Judge rules that millions can sue NYPD over stop-and-frisk
In a ruling made Wednesday by US District Judge Shira Scheindlin, the pending suit against the NYPD, New York Mayor Michael Bloomberg and others was granted class action status.
Authorities seem nonplussed.
When asked for his take on Judge Scheindlin’s decision, NYPD Commissioner Ray Kelly told the New York Times that he had no comment because the litigation was continuing, but offered one quip: “It is what it is.”
Mayor Bloomberg also said he couldn’t comment specifically on the ruling, but, according to the Associated Press, had some words nonetheless.
"Nobody should ask Ray Kelly to apologize – he's not going to and neither am I – for saving 5,600 lives. And I think it's fair to say that stop, question and frisk has been an essential part of the NYPD's work; it's taken more than 6,000 guns off the streets in the last eight years, and this year we are on pace to have the lowest number of murders in recorded history. … We're not going to do anything that undermines that trend and threatens public safety,” said the mayor.
For others, however, it doesn’t seem as clear cut; in her ruling, Judge Scheindlin decries, "First, suspicionless stops should never occur.”
The current case began to take hold all the way back in 2008 when attorneys representing four plaintiffs first began seeking class action status. The four original named plaintiffs say that they were wrongfully stopped and frisked based on their race. In only 2011, the NYPD stopped 685,724 New Yorkers, reports the American Civil Liberties Union. In all, 89 percent of those stopped were either black or Latino. Of the nearly 700,000 cases in that year alone, 88 percent of the people stopped were found innocent. Such statistics are largely typical for previous years, although one thing that has changed as time has gone on is the number of pedestrians stopped by law enforcement.
“[T]he policing policies that the city has implemented over the past decade and half have led to a dramatic increase in the number of pedestrian stops, to the point of now reaching almost 600,000 a year,” Judge Scheindlin wrote of the case earlier this year.
Now anyone that feels they have been victimized similarly by the New York Police Department by means of an invasive and unwarranted search since 2005 can add their name to the case.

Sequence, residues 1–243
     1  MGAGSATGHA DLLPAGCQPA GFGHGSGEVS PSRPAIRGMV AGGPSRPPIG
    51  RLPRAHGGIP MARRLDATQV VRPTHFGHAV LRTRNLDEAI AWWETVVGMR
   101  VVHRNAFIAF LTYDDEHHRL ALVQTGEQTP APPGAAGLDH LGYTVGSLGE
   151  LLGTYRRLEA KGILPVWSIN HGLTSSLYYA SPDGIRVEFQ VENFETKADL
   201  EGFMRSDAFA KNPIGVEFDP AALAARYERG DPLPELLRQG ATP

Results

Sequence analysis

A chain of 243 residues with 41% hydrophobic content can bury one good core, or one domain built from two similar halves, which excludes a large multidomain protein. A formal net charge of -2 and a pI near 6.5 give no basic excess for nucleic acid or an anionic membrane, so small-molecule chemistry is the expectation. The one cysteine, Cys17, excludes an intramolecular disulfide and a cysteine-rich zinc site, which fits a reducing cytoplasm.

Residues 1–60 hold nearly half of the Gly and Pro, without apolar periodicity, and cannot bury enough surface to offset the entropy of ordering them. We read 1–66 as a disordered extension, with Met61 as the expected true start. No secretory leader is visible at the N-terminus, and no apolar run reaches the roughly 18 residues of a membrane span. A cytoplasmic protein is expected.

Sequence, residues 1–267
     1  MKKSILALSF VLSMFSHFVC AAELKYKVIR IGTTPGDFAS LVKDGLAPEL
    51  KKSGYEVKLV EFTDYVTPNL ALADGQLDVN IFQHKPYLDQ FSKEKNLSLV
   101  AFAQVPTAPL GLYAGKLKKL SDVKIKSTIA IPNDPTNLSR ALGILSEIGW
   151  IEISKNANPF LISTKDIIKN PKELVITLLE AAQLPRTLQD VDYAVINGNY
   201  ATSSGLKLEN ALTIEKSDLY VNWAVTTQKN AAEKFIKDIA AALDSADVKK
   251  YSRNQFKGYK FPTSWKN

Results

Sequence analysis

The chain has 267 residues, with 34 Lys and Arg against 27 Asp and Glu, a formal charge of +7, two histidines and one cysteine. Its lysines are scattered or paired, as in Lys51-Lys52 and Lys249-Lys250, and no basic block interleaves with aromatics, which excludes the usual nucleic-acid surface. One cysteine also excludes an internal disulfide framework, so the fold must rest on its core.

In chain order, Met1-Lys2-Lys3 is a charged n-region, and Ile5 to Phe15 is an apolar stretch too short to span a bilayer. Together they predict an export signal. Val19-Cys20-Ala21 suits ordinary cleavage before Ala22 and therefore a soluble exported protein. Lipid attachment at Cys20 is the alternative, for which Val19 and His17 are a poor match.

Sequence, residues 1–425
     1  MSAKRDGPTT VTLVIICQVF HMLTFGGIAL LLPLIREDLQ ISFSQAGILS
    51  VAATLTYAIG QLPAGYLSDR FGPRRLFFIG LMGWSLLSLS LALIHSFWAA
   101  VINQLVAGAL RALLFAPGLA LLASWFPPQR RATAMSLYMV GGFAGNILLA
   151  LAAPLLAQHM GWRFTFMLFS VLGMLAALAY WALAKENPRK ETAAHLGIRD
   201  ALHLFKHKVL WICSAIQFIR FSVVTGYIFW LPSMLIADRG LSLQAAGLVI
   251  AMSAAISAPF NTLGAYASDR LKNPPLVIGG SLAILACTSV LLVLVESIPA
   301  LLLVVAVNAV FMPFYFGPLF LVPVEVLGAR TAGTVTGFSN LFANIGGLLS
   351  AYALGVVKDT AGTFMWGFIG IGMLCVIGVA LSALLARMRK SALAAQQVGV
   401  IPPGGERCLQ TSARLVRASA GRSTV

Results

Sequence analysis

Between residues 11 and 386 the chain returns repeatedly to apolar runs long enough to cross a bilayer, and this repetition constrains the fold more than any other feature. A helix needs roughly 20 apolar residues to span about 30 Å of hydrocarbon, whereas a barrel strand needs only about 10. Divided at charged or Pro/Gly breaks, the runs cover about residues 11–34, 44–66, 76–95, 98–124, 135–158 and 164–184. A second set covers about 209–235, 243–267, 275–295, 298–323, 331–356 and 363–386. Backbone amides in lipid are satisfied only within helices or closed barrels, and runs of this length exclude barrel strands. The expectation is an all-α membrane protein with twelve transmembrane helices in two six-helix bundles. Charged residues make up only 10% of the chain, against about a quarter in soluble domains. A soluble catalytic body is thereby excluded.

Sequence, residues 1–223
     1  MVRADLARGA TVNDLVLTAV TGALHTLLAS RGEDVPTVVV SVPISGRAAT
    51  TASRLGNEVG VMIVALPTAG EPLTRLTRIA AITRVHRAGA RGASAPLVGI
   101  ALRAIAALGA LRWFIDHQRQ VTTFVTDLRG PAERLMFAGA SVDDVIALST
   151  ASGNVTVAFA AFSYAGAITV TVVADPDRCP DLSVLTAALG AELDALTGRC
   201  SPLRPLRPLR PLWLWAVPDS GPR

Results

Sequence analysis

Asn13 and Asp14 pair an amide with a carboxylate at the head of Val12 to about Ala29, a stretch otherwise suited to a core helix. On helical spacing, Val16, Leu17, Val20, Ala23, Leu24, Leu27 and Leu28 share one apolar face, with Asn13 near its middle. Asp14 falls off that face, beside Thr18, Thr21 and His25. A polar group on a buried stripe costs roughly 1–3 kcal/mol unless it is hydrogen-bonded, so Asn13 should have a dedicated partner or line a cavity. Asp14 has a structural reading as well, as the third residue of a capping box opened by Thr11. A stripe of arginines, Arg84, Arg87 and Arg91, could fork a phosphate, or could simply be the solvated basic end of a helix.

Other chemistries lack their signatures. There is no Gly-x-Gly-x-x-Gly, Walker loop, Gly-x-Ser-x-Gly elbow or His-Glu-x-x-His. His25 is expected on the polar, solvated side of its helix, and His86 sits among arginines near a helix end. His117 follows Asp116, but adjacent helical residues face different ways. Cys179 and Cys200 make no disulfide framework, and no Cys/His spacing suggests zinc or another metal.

By way of the NYPD’s controversial stop-and-frisk policies, police officers in the Big Apple are allowed to conduct searches of suspicious persons if they have reason to believe that they are committing a crime. Statistics documenting the history of the program reveal, however, that skin color seems to play a pivotal role when the police are left to decide who is frisked and who isn’t.
Judge Scheindlin says it is unlikely that many people will sign on to the case, but that doesn’t mean there aren’t many who would be excluded from doing so. The NYPD has already stopped and frisked more than 200,000 people on the streets of New York in the first three months of 2012 alone; between 2004 and 2009, around 2.8 million similar stops were carried out.
“This case presents an issue of great public concern: the disproportionate number of Blacks and Latinos, as compared to Whites, who become entangled in the criminal justice system,” the judge writes in her ruling. “The specific claims raised in this case are narrower but they are raised in the context of the extensively documented racial disparities in the rates of stops, arrests, convictions, and sentences that continue through the present day.”
Elsewhere in her ruling, Judge Scheindlin says that the NYPD’s arguments in favor of the program appear “cavalier” and display “a deeply troubling apathy towards New Yorkers’ most fundamental constitutional rights.”
In a statement offered to the AP, the law office for the city of New York says, "We respectfully disagree with the decision and are reviewing our legal options."